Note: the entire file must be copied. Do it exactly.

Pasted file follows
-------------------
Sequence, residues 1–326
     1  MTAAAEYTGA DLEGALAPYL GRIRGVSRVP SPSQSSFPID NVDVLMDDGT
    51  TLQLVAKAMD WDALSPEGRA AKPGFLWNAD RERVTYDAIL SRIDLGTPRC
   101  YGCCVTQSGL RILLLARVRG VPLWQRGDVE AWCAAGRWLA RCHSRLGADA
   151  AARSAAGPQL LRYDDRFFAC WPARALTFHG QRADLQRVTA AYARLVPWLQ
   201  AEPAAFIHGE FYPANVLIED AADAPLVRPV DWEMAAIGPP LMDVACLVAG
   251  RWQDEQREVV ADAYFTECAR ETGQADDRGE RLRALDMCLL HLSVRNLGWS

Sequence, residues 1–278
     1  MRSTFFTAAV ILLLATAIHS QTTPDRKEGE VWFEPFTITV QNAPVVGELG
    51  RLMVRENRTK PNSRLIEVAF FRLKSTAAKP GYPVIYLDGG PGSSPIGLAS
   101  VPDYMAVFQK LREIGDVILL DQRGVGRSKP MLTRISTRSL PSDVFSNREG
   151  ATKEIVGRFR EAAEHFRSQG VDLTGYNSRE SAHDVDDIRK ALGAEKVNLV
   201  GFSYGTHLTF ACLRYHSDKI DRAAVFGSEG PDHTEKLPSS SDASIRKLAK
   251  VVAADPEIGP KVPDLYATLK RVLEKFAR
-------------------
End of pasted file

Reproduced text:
Sequence, residues 1–326
     1  MTAAAEYTGA DLEGALAPYL GRIRGVSRVP SPSQSSFPID NVDVLMDDGT
    51  TLQLVAKAMD WDALSPEGRA AKPGFLWNAD RERVTYDAIL SRIDLGTPRC
   101  YGCCVTQSGL RILLLARVRG VPLWQRGDVE AWCAAGRWLA RCHSRLGADA
   151  AARSAAGPQL LRYDDRFFAC WPARALTFHG QRADLQRVTA AYARLVPWLQ
   201  AEPAAFIHGE FYPANVLIED AADAPLVRPV DWEMAAIGPP LMDVACLVAG
   251  RWQDEQREVV ADAYFTECAR ETGQADDRGE RLRALDMCLL HLSVRNLGWS

Sequence, residues 1–278
     1  MRSTFFTAAV ILLLATAIHS QTTPDRKEGE VWFEPFTITV QNAPVVGELG
    51  RLMVRENRTK PNSRLIEVAF FRLKSTAAKP GYPVIYLDGG PGSSPIGLAS
   101  VPDYMAVFQK LREIGDVILL DQRGVGRSKP MLTRISTRSL PSDVFSNREG
   151  ATKEIVGRFR EAAEHFRSQG VDLTGYNSRE SAHDVDDIRK ALGAEKVNLV
   201  GFSYGTHLTF ACLRYHSDKI DRAAVFGSEG PDHTEKLPSS SDASIRKLAK
   251  VVAADPEIGP KVPDLYATLK RVLEKFAR